Some have begun teaching peer review and revision in high school using Google Docs. Fair enough, if your school has committed to Google Apps accounts for everyone in the community.
Our alternative is Gobby. Gobby is a collaborative, synchronous text composition and editing tool. Given its feature set, it’s clearly designed for programmers and coders (syntax highlighting, for example). Nevertheless, it is no less effective for writers in English 11 than it is for the coders in advanced information systems.
Gobby is the client; Infinoted is the server side tool that keeps track of who’s editing where, stores the documents, and color codes the contributions.
It’s home on the web seems to be here. Per the site:
Gobby is a free collaborative editor supporting multiple documents in one session and a multi-user chat. It runs on Microsoft Windows, Mac OS X, Linux and other Unix-like platforms.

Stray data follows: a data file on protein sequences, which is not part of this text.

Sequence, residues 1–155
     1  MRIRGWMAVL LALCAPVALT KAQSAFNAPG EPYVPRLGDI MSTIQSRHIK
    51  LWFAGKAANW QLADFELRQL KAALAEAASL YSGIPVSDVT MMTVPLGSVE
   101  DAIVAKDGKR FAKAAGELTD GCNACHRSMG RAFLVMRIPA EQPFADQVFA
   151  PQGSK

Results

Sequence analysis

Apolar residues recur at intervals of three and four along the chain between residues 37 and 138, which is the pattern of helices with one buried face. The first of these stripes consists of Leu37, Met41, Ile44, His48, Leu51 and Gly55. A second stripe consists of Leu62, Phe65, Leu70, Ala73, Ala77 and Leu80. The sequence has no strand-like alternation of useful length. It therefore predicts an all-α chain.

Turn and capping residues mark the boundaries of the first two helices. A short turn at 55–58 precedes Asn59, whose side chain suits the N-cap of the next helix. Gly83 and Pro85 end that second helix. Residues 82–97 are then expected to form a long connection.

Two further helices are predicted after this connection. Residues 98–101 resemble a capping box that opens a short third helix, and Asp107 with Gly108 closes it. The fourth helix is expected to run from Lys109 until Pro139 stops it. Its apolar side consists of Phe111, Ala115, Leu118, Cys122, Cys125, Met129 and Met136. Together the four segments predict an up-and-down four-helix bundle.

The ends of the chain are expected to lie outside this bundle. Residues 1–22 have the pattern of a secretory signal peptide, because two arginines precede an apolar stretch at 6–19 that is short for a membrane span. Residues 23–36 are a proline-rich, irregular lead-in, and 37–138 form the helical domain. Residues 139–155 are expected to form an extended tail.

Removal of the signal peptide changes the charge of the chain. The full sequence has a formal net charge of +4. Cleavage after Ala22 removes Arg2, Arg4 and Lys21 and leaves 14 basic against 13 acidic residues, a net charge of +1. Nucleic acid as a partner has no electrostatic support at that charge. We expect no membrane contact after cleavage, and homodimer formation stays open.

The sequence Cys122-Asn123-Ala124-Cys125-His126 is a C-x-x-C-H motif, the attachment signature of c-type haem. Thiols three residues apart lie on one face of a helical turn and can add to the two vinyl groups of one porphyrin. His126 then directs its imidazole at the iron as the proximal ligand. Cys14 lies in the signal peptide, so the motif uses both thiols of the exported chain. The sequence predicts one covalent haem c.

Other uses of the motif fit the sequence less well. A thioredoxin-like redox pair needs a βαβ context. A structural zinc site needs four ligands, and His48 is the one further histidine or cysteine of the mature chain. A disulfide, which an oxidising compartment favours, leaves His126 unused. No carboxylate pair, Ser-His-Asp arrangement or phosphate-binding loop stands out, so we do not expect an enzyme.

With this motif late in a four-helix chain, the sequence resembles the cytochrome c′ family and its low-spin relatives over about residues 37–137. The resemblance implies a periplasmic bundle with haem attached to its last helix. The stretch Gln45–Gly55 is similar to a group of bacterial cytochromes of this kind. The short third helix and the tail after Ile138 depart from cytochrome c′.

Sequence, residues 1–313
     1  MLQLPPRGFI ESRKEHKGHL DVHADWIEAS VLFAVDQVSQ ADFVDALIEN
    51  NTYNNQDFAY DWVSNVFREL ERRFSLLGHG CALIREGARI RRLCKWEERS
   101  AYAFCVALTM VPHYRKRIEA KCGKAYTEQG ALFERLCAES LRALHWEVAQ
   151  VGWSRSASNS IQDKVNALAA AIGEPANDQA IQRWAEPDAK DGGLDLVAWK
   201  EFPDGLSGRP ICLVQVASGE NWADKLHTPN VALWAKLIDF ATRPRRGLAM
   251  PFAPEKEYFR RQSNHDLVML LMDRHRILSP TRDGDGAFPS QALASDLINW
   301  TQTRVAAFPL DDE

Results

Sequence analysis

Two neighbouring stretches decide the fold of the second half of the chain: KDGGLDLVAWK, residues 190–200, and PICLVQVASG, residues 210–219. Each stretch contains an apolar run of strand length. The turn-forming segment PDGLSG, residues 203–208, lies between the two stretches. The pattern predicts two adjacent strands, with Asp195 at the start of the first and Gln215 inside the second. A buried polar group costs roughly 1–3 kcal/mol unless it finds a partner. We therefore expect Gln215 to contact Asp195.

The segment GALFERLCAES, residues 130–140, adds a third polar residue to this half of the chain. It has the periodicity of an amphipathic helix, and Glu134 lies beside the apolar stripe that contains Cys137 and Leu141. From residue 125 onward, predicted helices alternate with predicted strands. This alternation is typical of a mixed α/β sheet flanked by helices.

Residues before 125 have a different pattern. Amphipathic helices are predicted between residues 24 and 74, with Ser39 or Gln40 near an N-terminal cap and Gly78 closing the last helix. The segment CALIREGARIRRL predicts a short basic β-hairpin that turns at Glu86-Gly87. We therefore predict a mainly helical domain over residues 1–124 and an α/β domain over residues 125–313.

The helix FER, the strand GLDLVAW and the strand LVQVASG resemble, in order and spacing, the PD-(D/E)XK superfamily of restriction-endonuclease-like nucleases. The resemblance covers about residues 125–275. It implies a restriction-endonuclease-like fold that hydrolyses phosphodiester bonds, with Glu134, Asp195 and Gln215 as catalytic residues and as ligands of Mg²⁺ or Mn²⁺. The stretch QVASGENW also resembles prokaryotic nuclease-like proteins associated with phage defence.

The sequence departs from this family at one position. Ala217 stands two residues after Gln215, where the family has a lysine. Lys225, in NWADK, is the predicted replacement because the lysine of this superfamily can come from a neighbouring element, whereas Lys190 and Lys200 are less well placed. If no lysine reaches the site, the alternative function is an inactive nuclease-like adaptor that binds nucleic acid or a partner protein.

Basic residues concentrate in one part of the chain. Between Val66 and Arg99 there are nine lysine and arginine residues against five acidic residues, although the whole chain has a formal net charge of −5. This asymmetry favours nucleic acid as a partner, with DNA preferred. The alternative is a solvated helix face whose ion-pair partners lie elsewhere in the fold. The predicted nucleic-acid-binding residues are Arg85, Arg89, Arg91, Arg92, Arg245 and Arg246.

Featured are cataloged here, screenshots are available here, and testimonials here. I don’t think the website does it justice. Gobby has become an essential tool for composition for the juniors I work with: in one scenario one student composes while rest of the class works on either mechanical, grammatical, conventional polishing, or else on more substantive revision - word choice, concision, verbs that convey action, awareness of audience, unity of purpose.
I’ve left out that I work exclusively with student with language-based learning differences that can severely affect writing fluency and adherence to convention. However, using Gobby, a single composition that’s been filtered through the peer revision of everyone in the section or even the entire junior class demonstrates none of the markers one might expect from a member’s work.
If you’d like more information, please don’t hesitate to ask.
It gets better: my lab is entirely free and open source software (excluding flash); Gobby paired with afterthedeadline and LibreOffice is a strategic win.